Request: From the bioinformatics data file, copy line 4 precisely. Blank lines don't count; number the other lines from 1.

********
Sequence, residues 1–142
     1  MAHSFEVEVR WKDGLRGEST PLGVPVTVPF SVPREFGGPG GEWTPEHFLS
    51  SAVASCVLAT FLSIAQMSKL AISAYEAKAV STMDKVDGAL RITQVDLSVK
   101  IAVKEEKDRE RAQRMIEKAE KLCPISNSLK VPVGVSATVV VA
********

   101  IAVKEEKDRE RAQRMIEKAE KLCPISNSLK VPVGVSATVV VA